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the son of Nebat, an Ephrathite of Zereda, Solomon's servant." Jeroboam was a mighty man of valour: and Solomon seeing the young man that he was industrious,” placed confidence in him, and put him into a place of trust. Now it happened one day, Jeroboam being out in the fields alone, that he was met by the prophet Ahijah, who, catching hold of a new garment that was on him, rent it in twelve pieces, and addressed him in these words : “ Take thee ten pieces : for thus saith the Lord, the God of Israel, Behold, I will rend the kingdom out of the hand of Solomon, and will give ten tribes to thee : because they have forsaken me, and have worshipped Ashtoreth the goddess of the Zidonians, Chemosh the god of the Moabites, and Milcom the god of the children of Ammon, and have not walked in my ways, to do that which is right in mine eyes. It was further declared, that these things should not happen till after Solomon's death ; when the kingdom should be taken out of his son's hand. All but one tribe, which should remain faithful, “ that David my servant may have a light alway before me in Jerusalem, the city which I have chosen me to put my name there.” The Lord further promised to be with Jeroboam, and to build him "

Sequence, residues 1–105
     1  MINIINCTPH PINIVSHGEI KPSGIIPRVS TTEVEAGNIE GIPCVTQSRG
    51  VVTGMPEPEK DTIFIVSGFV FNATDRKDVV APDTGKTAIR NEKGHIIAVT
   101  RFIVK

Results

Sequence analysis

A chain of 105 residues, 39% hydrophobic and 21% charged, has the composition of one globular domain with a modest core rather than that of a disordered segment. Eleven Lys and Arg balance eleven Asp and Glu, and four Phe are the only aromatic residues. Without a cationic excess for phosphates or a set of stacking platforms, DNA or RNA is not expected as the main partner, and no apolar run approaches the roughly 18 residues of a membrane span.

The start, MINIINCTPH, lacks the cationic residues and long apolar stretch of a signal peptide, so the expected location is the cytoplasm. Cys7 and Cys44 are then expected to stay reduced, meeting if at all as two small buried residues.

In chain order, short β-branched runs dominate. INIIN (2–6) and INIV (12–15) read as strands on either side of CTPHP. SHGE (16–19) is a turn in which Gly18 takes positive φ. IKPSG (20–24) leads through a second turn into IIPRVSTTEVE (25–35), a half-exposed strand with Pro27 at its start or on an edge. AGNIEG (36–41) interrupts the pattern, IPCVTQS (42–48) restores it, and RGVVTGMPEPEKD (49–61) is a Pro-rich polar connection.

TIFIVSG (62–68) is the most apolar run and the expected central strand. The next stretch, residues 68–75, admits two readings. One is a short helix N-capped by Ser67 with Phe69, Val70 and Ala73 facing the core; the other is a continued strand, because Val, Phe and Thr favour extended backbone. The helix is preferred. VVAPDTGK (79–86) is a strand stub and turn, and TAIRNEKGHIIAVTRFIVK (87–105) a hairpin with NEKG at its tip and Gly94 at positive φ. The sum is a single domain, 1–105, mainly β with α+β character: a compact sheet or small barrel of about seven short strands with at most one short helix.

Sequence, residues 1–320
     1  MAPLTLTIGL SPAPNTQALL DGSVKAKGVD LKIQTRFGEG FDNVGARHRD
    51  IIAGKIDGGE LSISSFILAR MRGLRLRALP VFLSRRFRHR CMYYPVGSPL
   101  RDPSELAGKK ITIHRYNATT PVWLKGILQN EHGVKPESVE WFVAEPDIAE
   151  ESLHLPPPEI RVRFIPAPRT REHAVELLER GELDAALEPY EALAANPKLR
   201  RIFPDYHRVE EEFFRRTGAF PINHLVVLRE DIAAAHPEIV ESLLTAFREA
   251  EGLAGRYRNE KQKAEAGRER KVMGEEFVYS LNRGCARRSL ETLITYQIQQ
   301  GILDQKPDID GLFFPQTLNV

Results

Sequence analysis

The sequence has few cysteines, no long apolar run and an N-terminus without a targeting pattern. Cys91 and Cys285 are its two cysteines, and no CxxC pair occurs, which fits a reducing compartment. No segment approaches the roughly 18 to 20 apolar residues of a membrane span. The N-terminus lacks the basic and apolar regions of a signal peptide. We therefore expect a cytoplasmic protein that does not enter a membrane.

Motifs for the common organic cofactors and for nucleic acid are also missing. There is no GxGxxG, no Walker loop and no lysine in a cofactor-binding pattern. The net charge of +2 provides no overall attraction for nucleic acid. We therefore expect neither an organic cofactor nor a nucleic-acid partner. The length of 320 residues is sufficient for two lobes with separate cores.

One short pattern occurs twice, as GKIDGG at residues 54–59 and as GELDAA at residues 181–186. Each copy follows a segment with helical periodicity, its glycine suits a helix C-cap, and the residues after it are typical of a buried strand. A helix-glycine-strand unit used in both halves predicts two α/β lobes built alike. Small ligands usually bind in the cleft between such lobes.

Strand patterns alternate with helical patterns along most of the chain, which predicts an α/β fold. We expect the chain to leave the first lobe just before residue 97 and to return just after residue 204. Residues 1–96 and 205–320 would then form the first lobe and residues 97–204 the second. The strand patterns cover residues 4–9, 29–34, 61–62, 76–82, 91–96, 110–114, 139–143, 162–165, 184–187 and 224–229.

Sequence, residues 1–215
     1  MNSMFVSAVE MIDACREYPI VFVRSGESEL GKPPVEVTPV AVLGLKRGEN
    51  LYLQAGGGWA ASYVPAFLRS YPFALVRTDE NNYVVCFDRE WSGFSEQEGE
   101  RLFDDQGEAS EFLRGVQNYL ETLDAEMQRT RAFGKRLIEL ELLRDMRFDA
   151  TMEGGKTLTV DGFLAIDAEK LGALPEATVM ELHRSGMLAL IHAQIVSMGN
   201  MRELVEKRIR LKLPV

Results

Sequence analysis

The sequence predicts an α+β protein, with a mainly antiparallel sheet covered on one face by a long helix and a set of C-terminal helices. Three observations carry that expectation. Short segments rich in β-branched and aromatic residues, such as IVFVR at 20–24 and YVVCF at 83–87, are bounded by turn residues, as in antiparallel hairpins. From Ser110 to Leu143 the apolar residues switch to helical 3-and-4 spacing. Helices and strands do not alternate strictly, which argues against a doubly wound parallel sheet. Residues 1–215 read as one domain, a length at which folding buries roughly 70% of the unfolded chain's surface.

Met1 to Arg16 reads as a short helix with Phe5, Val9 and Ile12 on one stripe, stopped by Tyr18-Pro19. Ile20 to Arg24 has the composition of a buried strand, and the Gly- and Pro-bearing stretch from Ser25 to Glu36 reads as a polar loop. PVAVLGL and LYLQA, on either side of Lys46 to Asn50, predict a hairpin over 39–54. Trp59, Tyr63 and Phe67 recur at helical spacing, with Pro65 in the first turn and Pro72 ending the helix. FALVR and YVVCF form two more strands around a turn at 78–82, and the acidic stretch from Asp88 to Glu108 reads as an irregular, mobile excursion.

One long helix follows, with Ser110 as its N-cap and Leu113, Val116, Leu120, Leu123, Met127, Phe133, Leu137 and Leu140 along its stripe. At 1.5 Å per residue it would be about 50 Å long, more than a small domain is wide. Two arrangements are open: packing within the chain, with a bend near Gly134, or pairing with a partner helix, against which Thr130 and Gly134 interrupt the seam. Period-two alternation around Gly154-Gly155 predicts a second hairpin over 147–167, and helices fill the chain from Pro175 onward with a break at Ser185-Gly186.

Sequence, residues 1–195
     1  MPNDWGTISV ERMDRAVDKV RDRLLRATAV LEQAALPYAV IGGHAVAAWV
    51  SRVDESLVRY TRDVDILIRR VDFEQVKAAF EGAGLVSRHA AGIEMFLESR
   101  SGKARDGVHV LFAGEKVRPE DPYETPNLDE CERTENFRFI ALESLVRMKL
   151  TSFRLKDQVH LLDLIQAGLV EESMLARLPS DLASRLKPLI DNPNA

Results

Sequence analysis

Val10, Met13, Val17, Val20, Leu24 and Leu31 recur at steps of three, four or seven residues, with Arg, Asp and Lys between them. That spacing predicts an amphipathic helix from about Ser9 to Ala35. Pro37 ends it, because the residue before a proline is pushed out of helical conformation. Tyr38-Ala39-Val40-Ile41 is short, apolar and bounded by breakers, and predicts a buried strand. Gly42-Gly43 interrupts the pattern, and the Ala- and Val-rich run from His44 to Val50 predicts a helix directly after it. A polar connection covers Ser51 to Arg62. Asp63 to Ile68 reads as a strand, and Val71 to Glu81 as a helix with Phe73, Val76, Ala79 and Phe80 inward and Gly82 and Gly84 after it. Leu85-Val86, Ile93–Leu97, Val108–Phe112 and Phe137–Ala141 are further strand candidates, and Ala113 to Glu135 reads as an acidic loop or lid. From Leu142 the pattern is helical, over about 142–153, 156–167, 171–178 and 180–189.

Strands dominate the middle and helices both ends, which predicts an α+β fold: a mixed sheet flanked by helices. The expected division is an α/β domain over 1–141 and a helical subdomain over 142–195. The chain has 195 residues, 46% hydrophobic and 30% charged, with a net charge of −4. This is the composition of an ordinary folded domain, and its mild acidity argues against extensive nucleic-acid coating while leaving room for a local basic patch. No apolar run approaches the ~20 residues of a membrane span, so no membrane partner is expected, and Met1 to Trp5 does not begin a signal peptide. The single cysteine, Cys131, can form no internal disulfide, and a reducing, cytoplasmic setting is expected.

a sure house,” so long as he walked

in His ways:

When Solomon heard of this he sought to kill Jeroboam, who fled into Egypt, where he remained until the death of Solomon, which happened after he had reigned in Jerusalem over all Israel for forty years.